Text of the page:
Chop vs. Trend

Discussion in 'Automated Trading' started by Yag, May 1, 2005.

  1. effkay


    The crudest way is to eyeball them, if not, think about what defines a trend for you, and look for markets that fit those criteria more than others, it's not that complicated, you just have to decide what you're after!
    #31     May 21, 2005
  2. That's indeed what you could call 'crude'.
    #32     May 21, 2005
  3. effkay


    :p I don't really know what else you wanted me to say!! :)
    #33     May 21, 2005
  4. The thing is you just can't make a difference between a simple volatility effect and the real underlying trend. Just to convince you, simulate a random walk with a fixed trend and a fixed volatility. You'll see a lot of very decent small trends in your signal, but you know perfectly (as you are the 'god' who simulated the signal) that they are not real trends.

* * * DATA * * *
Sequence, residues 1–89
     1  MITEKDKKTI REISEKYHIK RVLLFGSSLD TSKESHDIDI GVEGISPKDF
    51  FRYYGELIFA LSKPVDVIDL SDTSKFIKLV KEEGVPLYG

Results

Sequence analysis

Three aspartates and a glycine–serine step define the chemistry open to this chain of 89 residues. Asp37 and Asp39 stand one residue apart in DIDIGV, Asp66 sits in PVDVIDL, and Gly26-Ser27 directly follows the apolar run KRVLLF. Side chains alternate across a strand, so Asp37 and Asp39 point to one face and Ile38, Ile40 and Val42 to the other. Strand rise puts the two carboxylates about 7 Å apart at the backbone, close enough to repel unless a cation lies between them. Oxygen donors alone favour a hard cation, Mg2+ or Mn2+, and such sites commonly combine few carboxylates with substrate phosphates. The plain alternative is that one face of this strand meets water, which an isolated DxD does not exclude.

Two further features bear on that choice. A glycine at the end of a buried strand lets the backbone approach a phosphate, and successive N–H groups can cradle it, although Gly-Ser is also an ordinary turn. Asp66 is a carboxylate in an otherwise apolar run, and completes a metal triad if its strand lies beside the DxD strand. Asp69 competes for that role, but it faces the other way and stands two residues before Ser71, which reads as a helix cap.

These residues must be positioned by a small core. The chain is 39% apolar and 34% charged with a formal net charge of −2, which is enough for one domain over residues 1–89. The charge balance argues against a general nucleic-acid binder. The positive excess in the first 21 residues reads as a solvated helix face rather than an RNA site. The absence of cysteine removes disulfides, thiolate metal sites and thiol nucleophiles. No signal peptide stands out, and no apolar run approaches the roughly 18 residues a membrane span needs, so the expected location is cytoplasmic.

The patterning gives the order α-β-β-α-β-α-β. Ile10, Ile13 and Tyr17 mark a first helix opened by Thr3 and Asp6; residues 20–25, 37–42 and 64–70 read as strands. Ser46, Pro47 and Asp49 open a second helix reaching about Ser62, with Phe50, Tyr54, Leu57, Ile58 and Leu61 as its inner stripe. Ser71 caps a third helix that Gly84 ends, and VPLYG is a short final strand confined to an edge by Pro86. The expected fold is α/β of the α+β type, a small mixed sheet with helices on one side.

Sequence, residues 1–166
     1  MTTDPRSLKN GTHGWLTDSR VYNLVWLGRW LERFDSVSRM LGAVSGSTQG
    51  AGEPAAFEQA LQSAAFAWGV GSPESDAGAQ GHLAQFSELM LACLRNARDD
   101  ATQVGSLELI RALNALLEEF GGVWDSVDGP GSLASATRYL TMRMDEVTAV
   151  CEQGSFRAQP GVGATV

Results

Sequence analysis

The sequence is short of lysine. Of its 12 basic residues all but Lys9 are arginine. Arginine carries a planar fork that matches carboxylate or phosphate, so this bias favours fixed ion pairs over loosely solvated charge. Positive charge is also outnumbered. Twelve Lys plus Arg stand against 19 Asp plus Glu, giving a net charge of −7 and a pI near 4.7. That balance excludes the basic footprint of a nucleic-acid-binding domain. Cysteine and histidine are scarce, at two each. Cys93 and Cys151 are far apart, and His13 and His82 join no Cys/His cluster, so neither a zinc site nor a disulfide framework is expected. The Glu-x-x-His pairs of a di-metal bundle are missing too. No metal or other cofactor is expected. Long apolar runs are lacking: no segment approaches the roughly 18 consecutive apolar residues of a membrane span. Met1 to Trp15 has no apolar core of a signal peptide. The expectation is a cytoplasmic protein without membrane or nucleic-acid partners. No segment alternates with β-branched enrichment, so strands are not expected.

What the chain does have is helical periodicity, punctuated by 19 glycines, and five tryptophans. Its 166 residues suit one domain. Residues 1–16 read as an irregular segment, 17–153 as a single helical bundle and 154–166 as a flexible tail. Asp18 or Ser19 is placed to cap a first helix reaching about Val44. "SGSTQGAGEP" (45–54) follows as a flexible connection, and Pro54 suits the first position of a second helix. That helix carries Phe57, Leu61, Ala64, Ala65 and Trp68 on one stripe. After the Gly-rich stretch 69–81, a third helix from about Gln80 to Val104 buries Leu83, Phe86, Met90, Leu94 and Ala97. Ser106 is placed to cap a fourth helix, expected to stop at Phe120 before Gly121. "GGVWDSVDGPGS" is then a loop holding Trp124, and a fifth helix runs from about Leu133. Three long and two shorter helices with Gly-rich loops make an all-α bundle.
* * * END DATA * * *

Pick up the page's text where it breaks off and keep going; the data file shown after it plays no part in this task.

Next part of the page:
This doesn't cancel the fact you can try to make money out of volatility if there are some short term autocorrelations.
    #34     May 22, 2005
    Oysteryx likes this.
  5. effkay


    I take it you're a Burton Malkiel follower?!
    #35     May 22, 2005
  6. Read 3 pages and fell asleep...
    #36     May 22, 2005
  7. yeah me too, the part about fat chicks was interesting though
    #37     May 23, 2005
  8. ssrrkk


    the existence of a "trend" I think would depend on the timescale you are interested in: hours, days, weeks, months, years. correct me if I'm wrong but I think the difference between chop and trend is whether there are dominant spectral components whose wavelengths are comparable to or longer than your timescale of interest. I suppose one way to find out is to run an FFT on a suitable duration of your timeseries of interest... and hope that the timeseries of the immediate past will reveal the correct spectrum of the future timeperiod during which you will be trading. Of course the spectrum will change over time so you will have to continually keep re-estimating...
    #38     Jun 11, 2005
  9. duard


    I didn't think FFT's were the analytic method of choice as they don't meet the stationary constraints?
    #39     Jun 12, 2005
  10. duard


    sp. stationarity

    Ehler's rec.'s Hilbert transform
    #40     Jun 12, 2005